‘Our £130,000 bill from identity theft’

‘Our £130,000 bill from identity theft’

The result can be immediate financial loss and a negative credit rating, which can take months to resolve – even longer if it takes time for the fraud to be detected.

According to figures from Cifas, a British fraud database, 123,600 cases of identity fraud were reported in 2012, up from 77,500 in 2007. Identity fraud now accounts for more than half of all fraud in Britain. The National Fraud Authority, a government body, puts the annual cost of identity fraud at £3.3bn.

“The numbers aren’t huge but they are growing,” said Neil Munroe, external affairs director of credit agency Equifax.

“A clever fraudster can build up a very strong profile of you and it can reach the stage where the question is: who is the fraudster?”

Mr Richards, 47, has been chased by the German tax authorities, communicating though HM Revenue & Customs, since 2010, with the order for unpaid VAT initially dropped but then renewed.

“I’ve never had any business in Germany,” he said, “and it’s a desperate situation. I don’t know the German tax system or how to appeal and HMRC just seems to play postbox.”

Earlier this year Mr Richards faced a £34,000 court order after his passport – with a different photograph – was used to set up a communications company in the Isle of Man. The company was fined for breaching codes of practice and the order was delivered to Mr Richards’s home.

“The court order was signed for by my 14-year-old son on a Saturday morning, which I had to deal with – or turn up at the Royal Courts of Justice,” said Mr Richards. “It threatened my property.”

He sought legal representation and the order was withdrawn, but the process cost him £450 in legal fees.

Mr Richards said he believed that the tax bill from Germany was part of the same fraud.

He may now have to employ a German solicitor at a cost of €200 (£170) an hour to tackle the bill. “The reality is that unless I get this cleared up I’m liable for a vast amount of money,” he said. “To pay this fine, I’d have to remortgage my house.

“The scary thing is this passport is still valid [the expiry date was extended by the criminal] and who knows what else lies around the corner?”

HMRC said it was not its responsibility to intervene on Mr Richards’s behalf. “We can support UK residents in how to contact the member country, but cannot get involved in details of whether the tax is correctly applied,” said a spokesman. “If the taxpayer disputes the debt, they have to take that up with the member country and follow the country’s own appeals process.”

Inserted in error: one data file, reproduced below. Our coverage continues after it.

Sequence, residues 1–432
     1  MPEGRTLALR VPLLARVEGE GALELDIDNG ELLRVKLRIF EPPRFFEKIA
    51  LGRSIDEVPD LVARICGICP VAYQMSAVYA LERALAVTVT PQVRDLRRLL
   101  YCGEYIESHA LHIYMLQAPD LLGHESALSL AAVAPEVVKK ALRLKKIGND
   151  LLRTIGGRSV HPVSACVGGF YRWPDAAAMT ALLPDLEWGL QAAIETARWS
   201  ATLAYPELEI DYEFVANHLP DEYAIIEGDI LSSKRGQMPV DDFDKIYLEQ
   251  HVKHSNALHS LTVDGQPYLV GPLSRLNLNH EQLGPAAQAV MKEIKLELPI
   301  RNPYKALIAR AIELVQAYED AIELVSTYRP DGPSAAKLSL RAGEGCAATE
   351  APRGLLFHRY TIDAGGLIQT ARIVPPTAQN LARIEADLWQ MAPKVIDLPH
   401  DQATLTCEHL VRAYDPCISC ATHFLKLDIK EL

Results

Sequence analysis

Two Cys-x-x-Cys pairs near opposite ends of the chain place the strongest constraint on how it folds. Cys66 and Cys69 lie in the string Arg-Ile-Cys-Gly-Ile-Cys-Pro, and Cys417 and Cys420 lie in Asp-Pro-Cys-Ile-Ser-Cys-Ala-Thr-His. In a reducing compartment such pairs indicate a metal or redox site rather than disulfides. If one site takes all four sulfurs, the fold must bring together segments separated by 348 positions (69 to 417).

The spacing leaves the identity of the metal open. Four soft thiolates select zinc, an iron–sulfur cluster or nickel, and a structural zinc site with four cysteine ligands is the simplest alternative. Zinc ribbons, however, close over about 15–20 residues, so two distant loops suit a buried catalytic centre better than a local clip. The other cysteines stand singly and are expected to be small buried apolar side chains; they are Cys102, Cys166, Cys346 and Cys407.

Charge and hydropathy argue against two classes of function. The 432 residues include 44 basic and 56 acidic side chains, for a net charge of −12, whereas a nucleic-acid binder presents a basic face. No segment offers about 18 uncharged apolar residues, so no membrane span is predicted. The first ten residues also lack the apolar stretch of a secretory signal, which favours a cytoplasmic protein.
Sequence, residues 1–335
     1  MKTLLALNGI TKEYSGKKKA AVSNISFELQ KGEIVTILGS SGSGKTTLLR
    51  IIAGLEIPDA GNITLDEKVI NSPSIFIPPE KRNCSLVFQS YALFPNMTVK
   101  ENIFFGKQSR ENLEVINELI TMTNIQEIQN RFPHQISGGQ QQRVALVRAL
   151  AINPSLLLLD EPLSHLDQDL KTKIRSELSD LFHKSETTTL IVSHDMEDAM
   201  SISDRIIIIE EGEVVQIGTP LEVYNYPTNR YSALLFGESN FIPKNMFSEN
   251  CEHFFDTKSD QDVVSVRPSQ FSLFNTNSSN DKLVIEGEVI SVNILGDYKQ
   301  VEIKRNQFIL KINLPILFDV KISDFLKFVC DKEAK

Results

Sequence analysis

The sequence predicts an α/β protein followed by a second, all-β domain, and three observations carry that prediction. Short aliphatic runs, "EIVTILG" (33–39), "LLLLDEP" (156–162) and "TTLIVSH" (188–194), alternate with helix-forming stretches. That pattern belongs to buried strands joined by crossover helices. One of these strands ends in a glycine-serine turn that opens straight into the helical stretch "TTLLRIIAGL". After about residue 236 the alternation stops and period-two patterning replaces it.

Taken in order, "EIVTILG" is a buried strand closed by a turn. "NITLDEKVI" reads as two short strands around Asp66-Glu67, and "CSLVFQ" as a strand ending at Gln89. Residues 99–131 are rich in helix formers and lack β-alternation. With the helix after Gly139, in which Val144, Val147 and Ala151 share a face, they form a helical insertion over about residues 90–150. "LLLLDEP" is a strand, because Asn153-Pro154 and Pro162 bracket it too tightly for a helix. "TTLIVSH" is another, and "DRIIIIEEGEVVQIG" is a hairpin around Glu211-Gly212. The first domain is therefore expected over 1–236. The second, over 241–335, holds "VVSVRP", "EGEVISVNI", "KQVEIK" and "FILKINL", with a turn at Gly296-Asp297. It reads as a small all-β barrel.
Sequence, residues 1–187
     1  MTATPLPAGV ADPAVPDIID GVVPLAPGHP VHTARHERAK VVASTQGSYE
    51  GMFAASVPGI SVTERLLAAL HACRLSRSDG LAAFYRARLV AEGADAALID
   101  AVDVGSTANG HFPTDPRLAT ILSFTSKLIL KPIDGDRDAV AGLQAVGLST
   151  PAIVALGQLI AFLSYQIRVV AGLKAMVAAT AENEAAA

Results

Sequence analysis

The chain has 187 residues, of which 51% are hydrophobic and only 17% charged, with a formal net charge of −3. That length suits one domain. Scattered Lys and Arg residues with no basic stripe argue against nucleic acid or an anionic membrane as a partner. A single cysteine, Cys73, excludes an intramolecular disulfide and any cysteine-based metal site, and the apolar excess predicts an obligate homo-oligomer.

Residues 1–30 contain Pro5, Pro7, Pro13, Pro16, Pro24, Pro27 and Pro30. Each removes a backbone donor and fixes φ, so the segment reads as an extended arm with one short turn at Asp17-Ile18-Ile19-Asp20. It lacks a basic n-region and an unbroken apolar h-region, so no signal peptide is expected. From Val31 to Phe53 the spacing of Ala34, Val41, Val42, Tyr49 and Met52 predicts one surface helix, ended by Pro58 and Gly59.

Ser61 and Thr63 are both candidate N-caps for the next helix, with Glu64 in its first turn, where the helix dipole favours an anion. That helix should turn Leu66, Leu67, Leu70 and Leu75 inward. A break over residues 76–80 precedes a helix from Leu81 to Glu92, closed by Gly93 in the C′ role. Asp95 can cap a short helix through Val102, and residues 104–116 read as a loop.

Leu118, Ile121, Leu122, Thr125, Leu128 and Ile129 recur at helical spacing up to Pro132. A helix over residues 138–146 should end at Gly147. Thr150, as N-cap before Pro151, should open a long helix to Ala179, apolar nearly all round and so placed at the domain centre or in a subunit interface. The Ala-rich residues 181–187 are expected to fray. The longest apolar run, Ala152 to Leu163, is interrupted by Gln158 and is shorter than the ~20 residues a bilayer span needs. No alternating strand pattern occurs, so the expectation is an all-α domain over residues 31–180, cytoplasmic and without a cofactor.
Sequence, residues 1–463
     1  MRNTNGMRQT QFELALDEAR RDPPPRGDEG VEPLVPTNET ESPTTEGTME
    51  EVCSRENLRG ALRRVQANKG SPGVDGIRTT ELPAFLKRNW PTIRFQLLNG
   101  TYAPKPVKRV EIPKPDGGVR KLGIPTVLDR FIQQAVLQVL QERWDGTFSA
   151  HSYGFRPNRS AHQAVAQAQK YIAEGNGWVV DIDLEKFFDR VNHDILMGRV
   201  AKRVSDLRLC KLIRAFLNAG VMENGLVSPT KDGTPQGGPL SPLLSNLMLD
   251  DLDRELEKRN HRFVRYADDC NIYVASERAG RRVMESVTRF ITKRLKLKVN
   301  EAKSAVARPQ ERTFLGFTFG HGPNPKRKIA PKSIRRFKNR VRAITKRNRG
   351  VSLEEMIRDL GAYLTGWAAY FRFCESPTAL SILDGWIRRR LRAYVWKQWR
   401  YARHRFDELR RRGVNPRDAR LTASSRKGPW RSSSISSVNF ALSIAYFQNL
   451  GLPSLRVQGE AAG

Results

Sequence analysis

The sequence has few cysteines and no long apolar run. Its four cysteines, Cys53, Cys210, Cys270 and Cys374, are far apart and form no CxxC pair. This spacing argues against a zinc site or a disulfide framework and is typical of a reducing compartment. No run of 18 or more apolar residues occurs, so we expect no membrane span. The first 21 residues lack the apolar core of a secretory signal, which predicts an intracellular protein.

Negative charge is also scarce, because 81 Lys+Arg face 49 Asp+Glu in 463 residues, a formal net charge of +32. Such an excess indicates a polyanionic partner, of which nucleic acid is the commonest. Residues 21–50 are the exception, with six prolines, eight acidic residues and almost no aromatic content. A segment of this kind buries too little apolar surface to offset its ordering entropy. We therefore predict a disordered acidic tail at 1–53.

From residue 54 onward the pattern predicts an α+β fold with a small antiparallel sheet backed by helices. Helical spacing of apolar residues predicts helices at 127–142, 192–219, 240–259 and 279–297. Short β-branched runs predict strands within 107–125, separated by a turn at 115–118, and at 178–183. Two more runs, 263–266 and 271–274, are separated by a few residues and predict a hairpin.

A spokesman for the German tax authority said it could not comment on Mr Richards’s case because of privacy laws.

Alan Woodward, professor of computer science at the University of Surrey, said: “Identity theft is becoming simpler and an increasing problem. The burden of proof is on the person whose identity has been stolen.

“The debts get passed to debt collection agencies and assume a life of their own.”

Figures from Cifas showed that there were 947 reported frauds using forged or stolen passports between January and September this year, up from 545 in 2012.

Prof Woodward said the move to biometric passports would make it harder for thieves to tamper with them. More than 40 million biometric passports have been issued since their introduction in 2006.

Jim Gee, director of counter-fraud services at BDO, the accountancy firm, said Mr Richards’s case was “a horror story”. He said: “I’ve not personally come across a case as bad as this.”

Mr Gee said there were many more fraudulent passports in circulation than suggested by official figures, although increasingly identity fraud is committed electronically rather than using documents.

“The standard of identity fraud has risen substantially,” he said. “This is a more serious problem now and I think there needs to be a proper governmental focal point to tackle identity fraud.”

The National Fraud Authority (NFA) is run by 57 people and is being absorbed into the Home Office from next year. “The NFA was set up to look at the problem of fraud strategically and coordinate efforts to reduce it,” said Mr Gee. “To get rid of the body doesn’t make sense to me – we shouldn’t forget that fraud is a problem that costs this country £50bn to £80bn a year.”

A Home Office spokesman said: “We continue to combat the evolving threat from criminals by keeping our anti-fraud measures under constant review.”

Mr Munroe added: “There is an obligation on all parties in this. Individuals must look after their data, the Government must put proper validation methods in place and businesses must use them.”

Consumers can find advice on protecting themselves from identity fraud through Cifas, Action Fraud, getsafeonline.org and dontletitbeyou.com.

If you believe you have been a victim of fraud, contact Action Fraud at actionfraud.police.uk or 0300 123 2040. You should also notify creditors, banks, phone companies and utility firms and keep an eye on your bank statements and credit score to see if any new credit has been taken out.

The major credit bureaus can work together to place a fraud alert on your credit file. The Cifas protective registration service is available to victims and those at high risk, and also places a warning on their credit file. Call Cifas on 0330 100 0180 or visit cifas.org.uk.


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